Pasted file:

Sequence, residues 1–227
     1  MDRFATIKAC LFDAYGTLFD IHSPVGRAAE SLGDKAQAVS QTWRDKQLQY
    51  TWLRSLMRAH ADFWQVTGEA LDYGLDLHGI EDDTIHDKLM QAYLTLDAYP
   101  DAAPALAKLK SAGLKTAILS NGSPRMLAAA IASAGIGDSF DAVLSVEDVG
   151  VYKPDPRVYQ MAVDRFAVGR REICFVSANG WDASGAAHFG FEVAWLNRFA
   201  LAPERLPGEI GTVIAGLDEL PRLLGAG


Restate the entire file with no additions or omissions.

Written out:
Sequence, residues 1–227
     1  MDRFATIKAC LFDAYGTLFD IHSPVGRAAE SLGDKAQAVS QTWRDKQLQY
    51  TWLRSLMRAH ADFWQVTGEA LDYGLDLHGI EDDTIHDKLM QAYLTLDAYP
   101  DAAPALAKLK SAGLKTAILS NGSPRMLAAA IASAGIGDSF DAVLSVEDVG
   151  VYKPDPRVYQ MAVDRFAVGR REICFVSANG WDASGAAHFG FEVAWLNRFA
   201  LAPERLPGEI GTVIAGLDEL PRLLGAG